Milton started 23 games his freshmen season, but he clearly wasn’t fully equipped yet to run the offense (2.7 APG, 14% AST%). However, he took a significant leap his sophomore season, improving his PER from 14.6 to 19.1, his Assist Percentage from 14% to 23.9%, his “Points Produced” per/minute metric from 0.29 to 0.37, and his OBPM rating from 4.5 to 5.6. Before the injury to his hand ended his final year in the AAC, Milton was besting the numbers he put up in ‘16-’17 (PER - 24.2, AST% - 25.9%, PP per/minute - 0.47, OBPM - 6.4).
The smoothness of Milton’s game is absolutely better suited in half-court situations. I’m confident that Milton will be a solid NBA pick-and-roll initiator. While not elite, Milton has passing ability solid enough to make the right reads in the pick-and-roll. Defenders will pay for going under screens against Milton, and he possesses the size to see over smaller defenders as well.
Shake Milton’s best film: January 17th @ Wichita State
Milton’s line: 33 points (11-14 FGA’s, 5-6 3PTA’s, 6-6 FTA’s), 5 assists
Southern Methodist was not as talented this year as they have been in the past. This particular film is a strong one for Milton because you can see the kind of elite NBA talent he possesses. His shot-making ability carried an otherwise mediocre team to victory inside one of the most difficult venues college basketball has to offer.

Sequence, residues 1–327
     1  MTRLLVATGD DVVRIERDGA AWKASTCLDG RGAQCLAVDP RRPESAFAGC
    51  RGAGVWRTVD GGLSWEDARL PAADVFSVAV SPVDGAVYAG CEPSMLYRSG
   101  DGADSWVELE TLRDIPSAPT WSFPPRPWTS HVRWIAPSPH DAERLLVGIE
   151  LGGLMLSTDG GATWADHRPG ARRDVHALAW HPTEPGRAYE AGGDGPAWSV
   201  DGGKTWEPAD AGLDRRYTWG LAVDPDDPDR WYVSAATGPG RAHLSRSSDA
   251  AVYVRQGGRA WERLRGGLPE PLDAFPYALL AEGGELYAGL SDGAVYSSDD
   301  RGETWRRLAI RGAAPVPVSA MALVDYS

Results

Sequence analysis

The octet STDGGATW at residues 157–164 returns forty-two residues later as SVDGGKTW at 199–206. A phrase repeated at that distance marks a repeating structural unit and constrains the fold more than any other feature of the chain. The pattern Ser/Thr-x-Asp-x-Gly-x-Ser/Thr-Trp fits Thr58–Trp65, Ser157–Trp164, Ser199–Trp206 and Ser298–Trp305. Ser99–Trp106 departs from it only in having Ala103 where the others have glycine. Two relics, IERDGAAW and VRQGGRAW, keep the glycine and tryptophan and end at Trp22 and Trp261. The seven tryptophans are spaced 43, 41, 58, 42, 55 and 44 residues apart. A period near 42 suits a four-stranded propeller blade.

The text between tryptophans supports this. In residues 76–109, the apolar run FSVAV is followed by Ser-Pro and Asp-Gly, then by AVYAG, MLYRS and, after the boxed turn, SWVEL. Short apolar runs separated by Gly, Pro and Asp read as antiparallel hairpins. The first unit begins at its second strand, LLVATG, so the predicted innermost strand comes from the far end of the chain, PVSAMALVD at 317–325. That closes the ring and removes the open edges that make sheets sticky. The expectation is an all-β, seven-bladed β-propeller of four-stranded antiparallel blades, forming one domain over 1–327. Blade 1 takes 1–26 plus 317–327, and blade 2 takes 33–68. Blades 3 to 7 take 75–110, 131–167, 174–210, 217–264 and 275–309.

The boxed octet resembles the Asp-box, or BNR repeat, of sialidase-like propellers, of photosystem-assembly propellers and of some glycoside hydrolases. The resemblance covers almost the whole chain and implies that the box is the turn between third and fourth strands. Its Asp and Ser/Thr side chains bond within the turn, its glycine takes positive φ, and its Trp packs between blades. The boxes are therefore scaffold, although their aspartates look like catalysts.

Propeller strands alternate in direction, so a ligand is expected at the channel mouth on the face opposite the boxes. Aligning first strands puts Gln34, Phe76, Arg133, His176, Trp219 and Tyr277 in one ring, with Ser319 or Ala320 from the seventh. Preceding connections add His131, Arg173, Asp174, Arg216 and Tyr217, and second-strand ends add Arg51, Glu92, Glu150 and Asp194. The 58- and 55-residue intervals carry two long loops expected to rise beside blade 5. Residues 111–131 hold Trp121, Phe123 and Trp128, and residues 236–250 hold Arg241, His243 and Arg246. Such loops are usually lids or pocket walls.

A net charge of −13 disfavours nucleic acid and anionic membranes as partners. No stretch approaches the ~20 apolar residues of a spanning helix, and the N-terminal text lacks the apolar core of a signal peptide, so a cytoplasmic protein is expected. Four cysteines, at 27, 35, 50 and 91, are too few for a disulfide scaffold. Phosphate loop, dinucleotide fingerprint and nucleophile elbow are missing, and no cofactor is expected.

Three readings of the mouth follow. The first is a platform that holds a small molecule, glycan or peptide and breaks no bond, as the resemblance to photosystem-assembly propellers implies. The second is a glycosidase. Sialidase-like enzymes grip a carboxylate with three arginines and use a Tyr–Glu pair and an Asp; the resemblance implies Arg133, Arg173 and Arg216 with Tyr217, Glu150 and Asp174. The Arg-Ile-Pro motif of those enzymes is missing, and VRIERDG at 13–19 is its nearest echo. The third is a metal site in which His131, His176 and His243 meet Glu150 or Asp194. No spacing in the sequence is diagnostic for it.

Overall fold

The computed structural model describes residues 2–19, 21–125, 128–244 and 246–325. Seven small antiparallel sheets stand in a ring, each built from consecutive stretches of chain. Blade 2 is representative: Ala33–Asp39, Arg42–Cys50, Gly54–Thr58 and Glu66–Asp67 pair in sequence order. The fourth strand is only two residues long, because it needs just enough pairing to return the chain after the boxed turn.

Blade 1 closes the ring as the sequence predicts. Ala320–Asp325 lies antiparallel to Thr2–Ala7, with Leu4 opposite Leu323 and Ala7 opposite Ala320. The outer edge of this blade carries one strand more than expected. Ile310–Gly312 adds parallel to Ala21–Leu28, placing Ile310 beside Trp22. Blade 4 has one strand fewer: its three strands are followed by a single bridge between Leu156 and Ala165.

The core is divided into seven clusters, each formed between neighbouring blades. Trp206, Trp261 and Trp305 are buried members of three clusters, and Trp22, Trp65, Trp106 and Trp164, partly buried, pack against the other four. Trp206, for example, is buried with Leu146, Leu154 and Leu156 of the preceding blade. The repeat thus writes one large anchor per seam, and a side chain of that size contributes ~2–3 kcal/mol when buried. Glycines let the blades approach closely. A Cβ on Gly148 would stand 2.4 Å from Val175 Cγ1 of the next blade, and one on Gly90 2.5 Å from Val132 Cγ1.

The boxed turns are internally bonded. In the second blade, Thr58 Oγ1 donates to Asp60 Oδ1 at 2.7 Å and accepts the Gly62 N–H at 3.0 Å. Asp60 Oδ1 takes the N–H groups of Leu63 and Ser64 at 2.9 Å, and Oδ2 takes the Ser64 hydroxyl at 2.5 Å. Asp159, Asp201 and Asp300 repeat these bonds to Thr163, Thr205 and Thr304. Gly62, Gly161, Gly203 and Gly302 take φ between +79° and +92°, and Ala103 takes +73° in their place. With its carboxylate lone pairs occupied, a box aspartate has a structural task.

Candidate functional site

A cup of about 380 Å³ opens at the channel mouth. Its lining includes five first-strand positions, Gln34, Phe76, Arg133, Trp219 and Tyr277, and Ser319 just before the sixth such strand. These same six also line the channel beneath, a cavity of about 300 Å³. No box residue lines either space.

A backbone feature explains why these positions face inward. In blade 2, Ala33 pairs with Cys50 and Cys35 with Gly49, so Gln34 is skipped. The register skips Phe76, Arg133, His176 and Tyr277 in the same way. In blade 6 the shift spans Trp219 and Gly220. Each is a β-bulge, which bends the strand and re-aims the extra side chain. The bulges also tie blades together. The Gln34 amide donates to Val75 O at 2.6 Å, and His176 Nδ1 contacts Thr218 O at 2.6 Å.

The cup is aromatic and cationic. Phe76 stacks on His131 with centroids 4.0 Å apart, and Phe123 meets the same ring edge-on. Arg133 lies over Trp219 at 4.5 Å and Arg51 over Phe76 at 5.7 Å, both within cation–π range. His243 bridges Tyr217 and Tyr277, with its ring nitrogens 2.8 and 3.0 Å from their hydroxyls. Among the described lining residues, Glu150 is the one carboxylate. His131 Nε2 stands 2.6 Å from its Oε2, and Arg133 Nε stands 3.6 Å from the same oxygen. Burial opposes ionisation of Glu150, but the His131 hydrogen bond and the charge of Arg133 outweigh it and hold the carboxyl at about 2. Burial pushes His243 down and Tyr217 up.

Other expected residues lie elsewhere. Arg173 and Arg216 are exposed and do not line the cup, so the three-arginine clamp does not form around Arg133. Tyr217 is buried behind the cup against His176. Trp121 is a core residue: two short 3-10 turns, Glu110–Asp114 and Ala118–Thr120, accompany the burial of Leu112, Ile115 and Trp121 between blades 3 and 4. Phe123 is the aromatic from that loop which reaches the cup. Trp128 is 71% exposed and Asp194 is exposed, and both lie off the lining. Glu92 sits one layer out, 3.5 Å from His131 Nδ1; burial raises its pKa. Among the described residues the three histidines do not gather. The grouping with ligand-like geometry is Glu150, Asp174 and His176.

Gribanov feels that Milton must continue to “be a knockdown shooter to bring positive value” to a prospective NBA club. He projects Milton as a “3 & D” wing player with “some ball skills at the next level”.
I don’t know if Milton has the kind of NBA ceiling that will allow him to become a starting point guard for a team in the future. There’s a lot he needs to figure out and continue to develop. He must get stronger; against the best players in the world, he’s going to have to find some more quick burst and athleticism - get rid of the stiffness at times on the defensive end.
Milton has progressed as a lead guard in college, but he will need to continue to hone his point guard skills at the next level. I don’t know if Milton will ultimately settle in as an NBA point guard or shooting guard. It probably depends on the organization that drafts him and what they need.
I don’t think it matters, I am in love with his versatility. His size and length alone allow for him to guard multiple positions in the NBA. His play-making ability, while not exemplary, is enough to keep him on the floor while playing either the lead guard or wing positions.
And his shooting, his shooting will play at the next level (TS% over 60% two of his three years in college). I see a lot of Delon Wright in Milton’s game, but I think he has even more offensive upside.
I would be shocked if the Magic don’t at least invite Milton to Orlando for an individual workout. His draft range is probably anywhere from 20 through where Orlando will be selecting at #35. Milton can shoot, score, help produce points, etc. He seemingly covers a lot of what Orlando should be looking for in a prospect.
The Magic may have to “shake down” a guard in the early second round (or perhaps trade up, back into the late first round) that fits their team needs. Shake Milton very well could be that man.